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Editing Techniques for Leaner, More Powerful Writing

This is the fourth post in my Write to Get Results blog series about professional writing. 

“Rewriting is where the game is won or lost; rewriting is the essence of writing.”

These are the words of famous American writer and journalist William Zinsser in On Writing Well, a resource familiar to many professional writers. I’m not suggesting you repeatedly rewrite a simple email to ask a colleague to lunch; but I urge everyone to learn a few editing techniques and make them a habit for reviewing any type of important written communication before sending, publishing, or sharing. Here are the tips I recommend the most.

Check for Higher Order Concerns

Once you have drafted your text, whether that is an important email, a promotion application, a report, or a cover letter, review it carefully and in stages. First, look for “big picture” issues such as overall clarity and whether what you’re writing is compelling.

For clarity, check to make sure the fundamentals are in place and that you are writing for your intended audience. Try to take on the perspective of an outsider if the audience is not your peers, and avoid jargon and highly technical language. To provide a larger framework for understanding, include a few words of context. If you have any doubt that the point you’re trying to make is not clear, look for areas to clarify or cut. With your reader in mind, assess your writing objectively and ask yourself if it is too wordy, vague, or open-ended to be useful. Remember that extraneous information is not helpful; it is merely a distraction from the point. Here is an example:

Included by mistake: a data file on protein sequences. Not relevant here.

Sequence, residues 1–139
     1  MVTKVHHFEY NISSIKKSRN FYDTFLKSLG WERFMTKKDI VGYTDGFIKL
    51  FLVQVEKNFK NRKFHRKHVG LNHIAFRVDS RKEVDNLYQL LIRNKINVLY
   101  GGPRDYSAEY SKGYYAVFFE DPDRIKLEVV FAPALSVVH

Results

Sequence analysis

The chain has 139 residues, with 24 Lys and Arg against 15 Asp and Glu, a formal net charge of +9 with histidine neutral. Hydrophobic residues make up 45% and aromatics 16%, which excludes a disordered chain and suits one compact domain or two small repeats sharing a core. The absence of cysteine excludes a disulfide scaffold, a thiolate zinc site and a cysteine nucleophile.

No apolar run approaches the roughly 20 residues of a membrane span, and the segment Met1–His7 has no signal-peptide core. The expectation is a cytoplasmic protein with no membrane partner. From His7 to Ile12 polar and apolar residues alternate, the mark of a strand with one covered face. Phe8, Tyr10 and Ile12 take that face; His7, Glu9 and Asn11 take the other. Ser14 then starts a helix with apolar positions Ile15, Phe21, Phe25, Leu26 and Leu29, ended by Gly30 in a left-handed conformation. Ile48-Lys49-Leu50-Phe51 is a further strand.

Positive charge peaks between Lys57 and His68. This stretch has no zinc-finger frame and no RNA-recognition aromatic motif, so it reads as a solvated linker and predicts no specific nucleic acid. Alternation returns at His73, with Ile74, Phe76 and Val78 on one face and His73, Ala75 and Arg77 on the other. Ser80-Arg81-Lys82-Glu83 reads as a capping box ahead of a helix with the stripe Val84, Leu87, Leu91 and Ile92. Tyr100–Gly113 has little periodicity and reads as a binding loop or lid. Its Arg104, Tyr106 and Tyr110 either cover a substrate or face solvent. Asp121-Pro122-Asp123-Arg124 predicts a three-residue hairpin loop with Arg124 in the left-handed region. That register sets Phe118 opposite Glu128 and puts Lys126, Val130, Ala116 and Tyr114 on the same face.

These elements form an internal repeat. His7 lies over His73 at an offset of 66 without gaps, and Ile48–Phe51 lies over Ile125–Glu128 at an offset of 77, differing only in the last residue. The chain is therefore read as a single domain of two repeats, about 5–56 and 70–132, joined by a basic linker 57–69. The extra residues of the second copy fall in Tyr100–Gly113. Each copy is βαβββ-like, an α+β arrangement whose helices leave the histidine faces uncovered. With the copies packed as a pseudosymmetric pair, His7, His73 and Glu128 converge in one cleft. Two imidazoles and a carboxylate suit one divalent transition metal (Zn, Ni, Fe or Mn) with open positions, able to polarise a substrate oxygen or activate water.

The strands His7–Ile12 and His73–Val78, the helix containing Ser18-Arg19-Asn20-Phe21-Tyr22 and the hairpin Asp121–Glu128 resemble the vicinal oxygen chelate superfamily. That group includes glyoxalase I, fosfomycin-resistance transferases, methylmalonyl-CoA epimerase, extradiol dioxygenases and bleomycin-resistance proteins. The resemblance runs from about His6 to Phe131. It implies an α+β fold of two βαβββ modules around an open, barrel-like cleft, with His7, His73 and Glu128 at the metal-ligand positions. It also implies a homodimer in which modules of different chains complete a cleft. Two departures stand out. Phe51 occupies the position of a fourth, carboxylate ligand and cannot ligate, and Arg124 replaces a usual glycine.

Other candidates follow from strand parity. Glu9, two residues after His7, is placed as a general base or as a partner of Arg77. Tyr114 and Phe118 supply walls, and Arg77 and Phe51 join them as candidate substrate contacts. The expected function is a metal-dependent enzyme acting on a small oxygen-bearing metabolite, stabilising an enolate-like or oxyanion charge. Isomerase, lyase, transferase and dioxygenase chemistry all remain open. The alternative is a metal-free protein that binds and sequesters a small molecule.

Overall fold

Before: To describe my job duties before I considered a career transition, I performed QA checks on various types of content. (first part of the sentence is wordy, awkward, and not relevant to the point; the second part of the sentence is vague and doesn’t give enough context or information)

After: As a Project Manager, I safeguarded quality and consistency of all marketing copy, in-house documentation, and newsletters by performing thorough link and fact-checking, verifying that revisions were implemented accurately, and ensuring the final product met brand and design specifications. (contains no extraneous information and gives context by describing what specific tasks were carried out on what type of content)

To check if the document is compelling, evaluate the text to see if the point you are making, or the call to action, is supported by evidence. Don’t ask someone to take an action without giving them good reason to do so. Avoid bluster and flowery prose. Get to the point and make sure the essential information is included and clear. Do not make the reader work hard to understand your point.

Once you are satisfied that your message is clear, review your writing with a finer-toothed comb. Examine each sentence to identify where you can make improvements or increase clarity and readability. The following suggestions can help guide your revision process.

Vary Sentence Structures

Evaluate your writing to ensure your sentences are varied in length, some being longer than others. While short sentences can pack a punch, too many consecutively can lead to choppiness. Similarly, a series of long sentences can lose the reader’s attention and create confusion.

Pair Subjects and Verbs